We all know that venting, letting off some steam and then moving on, helps us right? Venting anger is supposed to be cathartic. Punching a pillow, yelling at no one in particular, banging your damn it doll, etc. are ways to vent anger or frustration and “get it out of your system” in a supposedly harmless way.
Actually all of that is false. Decades of research have repeatedly shown that venting does not work. Venting increases aggressive feelings instead of decreasing them.
Venting involves behaving aggressively, often against “safe” inanimate objects. To vent, people punch pillows, wallop punching bags, beat on couches with foam baseball bats, throw dishes on the ground, kick trash cans, scream and swear into pillows, and so forth. In essence, venting is practicing how to behave aggressively. Such aggressive activity should prime aggressive thoughts, feelings, and behavioral tendencies, especially if the people think about the source of their anger while venting. Thus, venting should keep angry feelings active in memory and also should increase the likelihood of subsequent aggressive responses.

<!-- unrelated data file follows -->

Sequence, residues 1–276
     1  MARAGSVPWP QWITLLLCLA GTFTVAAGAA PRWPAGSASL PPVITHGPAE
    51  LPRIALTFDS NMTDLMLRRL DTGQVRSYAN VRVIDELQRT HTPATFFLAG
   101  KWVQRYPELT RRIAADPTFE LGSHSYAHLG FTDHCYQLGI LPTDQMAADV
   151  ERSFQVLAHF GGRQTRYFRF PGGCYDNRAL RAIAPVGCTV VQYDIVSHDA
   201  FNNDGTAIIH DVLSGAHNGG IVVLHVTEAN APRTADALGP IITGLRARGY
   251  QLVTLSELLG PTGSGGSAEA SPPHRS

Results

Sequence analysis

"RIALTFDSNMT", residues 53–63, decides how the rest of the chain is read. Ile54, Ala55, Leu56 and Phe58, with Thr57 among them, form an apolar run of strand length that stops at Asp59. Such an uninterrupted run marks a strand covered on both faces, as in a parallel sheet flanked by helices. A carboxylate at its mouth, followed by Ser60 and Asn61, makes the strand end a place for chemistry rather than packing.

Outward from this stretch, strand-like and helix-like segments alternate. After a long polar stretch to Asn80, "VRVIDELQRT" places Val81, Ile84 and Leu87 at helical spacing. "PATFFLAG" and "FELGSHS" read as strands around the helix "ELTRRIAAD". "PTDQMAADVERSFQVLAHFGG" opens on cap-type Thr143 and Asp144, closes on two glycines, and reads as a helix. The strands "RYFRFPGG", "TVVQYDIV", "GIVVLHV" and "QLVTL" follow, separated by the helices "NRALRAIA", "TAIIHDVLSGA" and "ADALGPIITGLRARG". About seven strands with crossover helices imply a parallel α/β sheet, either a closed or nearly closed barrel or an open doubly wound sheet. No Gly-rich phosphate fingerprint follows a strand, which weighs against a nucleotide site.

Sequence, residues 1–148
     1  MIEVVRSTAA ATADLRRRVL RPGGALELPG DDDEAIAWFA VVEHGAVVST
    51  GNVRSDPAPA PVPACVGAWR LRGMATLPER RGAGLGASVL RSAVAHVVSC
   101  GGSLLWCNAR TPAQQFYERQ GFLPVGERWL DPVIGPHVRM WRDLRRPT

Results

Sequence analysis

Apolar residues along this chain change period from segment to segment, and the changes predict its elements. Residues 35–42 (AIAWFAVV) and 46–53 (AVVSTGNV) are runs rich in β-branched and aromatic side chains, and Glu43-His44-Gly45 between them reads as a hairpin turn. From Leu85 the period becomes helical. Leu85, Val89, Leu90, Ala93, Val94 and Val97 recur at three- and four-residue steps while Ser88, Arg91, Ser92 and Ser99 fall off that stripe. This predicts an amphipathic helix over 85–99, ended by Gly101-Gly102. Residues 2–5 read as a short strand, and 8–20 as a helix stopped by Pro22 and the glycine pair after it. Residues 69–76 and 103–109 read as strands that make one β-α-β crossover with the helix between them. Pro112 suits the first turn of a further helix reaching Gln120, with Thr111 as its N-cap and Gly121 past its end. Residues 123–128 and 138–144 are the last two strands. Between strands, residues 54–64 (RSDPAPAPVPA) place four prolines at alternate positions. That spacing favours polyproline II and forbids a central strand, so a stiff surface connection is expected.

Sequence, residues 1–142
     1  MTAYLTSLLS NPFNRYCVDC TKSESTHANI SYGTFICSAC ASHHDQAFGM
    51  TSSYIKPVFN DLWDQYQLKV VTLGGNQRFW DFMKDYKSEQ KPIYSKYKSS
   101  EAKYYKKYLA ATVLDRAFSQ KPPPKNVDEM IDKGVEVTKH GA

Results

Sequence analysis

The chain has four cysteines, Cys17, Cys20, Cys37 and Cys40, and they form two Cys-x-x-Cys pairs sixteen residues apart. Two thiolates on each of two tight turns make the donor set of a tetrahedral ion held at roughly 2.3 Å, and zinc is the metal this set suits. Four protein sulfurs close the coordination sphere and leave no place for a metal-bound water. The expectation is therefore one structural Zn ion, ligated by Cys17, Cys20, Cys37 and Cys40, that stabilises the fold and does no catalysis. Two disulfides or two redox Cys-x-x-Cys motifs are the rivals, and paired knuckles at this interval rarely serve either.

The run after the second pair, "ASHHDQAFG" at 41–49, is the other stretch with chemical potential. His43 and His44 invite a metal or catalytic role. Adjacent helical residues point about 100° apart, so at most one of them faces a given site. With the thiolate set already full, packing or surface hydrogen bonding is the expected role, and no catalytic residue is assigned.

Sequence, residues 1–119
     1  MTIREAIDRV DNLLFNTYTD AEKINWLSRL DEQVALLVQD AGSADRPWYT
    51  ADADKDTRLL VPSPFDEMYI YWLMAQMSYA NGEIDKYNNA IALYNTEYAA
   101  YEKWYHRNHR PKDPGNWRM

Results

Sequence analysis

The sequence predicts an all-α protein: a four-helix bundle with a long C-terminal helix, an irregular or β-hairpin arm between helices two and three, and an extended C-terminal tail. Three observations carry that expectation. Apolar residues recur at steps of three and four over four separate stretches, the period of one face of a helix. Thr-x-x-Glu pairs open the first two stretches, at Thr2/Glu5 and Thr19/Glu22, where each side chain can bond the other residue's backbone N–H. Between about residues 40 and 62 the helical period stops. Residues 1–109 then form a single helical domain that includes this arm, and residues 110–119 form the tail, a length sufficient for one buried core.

Brad J. Bushman
The above was taken from this article on catharsis which is a description of a specific experiment, but many experiments have shown the same thing. Venting does not work. It makes the situation worse. Do nothing is better than venting.
Calmly informing someone that they have angered or upset you in some way probably does work. Deep breathing, putting down those rocks, not minding what happens, and other ways of non-reaction are they way to go.
It may seem that venting works because momentarily you feel better. My instinct is that it works for me. But the reasons why it shouldn’t work plus the research that shows it doesn’t, is enough for me.
What do YOU think? Leave a comment and join the conversation.
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